I briefly saw a cable news segment tonight criticizing John McCain for his reluctance to offer an on-the-spot opinion on insurance companies which cover medicine for erectile dysfunction but not oral contraceptives. The logic behind this report peeves me.
We're talking about equivalent situations here, right? Many men need medication for erectile dysfunction in order to have sex; many women need oral contraception in order to have sex. Paying for only one situation is a clear case of sexism!
I disagree. In the man's case, there is something wrong with his body, albeit often a natural result of aging.* In the woman's case, the only thing "wrong" with her is fertility. I resent calling this natural state a condition to be methodically subdued.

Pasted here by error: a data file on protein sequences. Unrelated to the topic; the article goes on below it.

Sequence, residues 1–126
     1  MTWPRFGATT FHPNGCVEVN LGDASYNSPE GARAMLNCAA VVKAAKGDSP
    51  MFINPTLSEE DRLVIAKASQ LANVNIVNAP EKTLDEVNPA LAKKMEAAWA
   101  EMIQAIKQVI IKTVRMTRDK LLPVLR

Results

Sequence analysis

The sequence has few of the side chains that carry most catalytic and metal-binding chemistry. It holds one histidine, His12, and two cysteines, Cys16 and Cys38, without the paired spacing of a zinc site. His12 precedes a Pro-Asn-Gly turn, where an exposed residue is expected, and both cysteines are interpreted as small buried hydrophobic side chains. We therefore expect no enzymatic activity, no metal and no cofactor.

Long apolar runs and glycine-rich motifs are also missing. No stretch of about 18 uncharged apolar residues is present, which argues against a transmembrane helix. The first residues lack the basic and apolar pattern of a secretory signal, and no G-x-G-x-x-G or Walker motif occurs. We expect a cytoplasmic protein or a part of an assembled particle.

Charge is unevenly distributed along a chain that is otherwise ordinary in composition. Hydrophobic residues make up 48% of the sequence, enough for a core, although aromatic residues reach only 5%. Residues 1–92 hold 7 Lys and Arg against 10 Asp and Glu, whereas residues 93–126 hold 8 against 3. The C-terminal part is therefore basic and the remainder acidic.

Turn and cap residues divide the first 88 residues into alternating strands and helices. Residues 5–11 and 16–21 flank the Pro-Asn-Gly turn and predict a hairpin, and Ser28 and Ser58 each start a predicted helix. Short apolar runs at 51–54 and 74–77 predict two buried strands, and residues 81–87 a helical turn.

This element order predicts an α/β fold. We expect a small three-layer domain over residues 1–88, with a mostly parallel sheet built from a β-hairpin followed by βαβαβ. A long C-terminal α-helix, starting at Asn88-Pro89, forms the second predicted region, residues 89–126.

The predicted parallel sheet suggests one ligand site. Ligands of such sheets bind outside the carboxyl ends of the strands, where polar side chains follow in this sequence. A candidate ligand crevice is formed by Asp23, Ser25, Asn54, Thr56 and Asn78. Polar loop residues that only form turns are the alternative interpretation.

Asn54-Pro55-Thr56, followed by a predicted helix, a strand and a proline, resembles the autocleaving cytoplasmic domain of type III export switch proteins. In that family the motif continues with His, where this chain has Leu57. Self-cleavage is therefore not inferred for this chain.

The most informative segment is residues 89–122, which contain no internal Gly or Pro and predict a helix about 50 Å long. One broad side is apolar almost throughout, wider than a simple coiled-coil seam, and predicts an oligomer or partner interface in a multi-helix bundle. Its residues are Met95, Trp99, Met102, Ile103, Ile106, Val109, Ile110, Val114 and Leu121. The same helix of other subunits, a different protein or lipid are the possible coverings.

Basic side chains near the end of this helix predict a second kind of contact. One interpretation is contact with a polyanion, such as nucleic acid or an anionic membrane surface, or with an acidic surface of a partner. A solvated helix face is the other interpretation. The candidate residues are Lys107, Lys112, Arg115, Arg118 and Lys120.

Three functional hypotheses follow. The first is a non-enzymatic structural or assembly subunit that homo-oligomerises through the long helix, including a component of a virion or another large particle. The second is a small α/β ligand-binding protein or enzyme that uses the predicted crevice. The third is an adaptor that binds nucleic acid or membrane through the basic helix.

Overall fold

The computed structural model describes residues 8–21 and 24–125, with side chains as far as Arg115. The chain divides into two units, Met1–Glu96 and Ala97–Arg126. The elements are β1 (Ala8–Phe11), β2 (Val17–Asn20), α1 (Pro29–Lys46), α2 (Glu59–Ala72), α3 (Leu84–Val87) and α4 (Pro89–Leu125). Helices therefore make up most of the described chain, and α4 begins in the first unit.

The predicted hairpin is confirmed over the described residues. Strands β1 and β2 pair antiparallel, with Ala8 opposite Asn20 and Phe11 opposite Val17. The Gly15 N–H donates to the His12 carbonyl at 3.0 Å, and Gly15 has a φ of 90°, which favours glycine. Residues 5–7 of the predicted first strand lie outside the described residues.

Americans today would much rather sex and reproduction were two noninteracting spheres, but nature nags otherwise. Many demand contraception to accomplish this divorce and maintain the modern life, but I do not acknowledge a fundamental human right to be barren.
Deeper than the insistence that sex be enjoyed without fear of attachment to another human being, or of the catastrophe that would be creation of new life, is the loud insistence that all people are exactly the same. For decades academics have obsessed over promulgating the worldview that no difference among humans is fundamental, and therefore any existing difference can and should be eradicated.
Society is constructed, they say. Morality is constructed. Emotions are constructed. Gender is constructed. "If it is constructed, then I will demolish it, and build my own."
Vanity and Babel. No amount of scholarly analysis or advance of medicine will bring a man to give birth.
We are stuck with the we that we are.
*I don't necessarily think ED should be covered by insurance. It probably depends on the situation. As my friend Josh puts it, "if a 70-year-old guy wants to pretend he's 40, he can do it without me picking up any of the tab."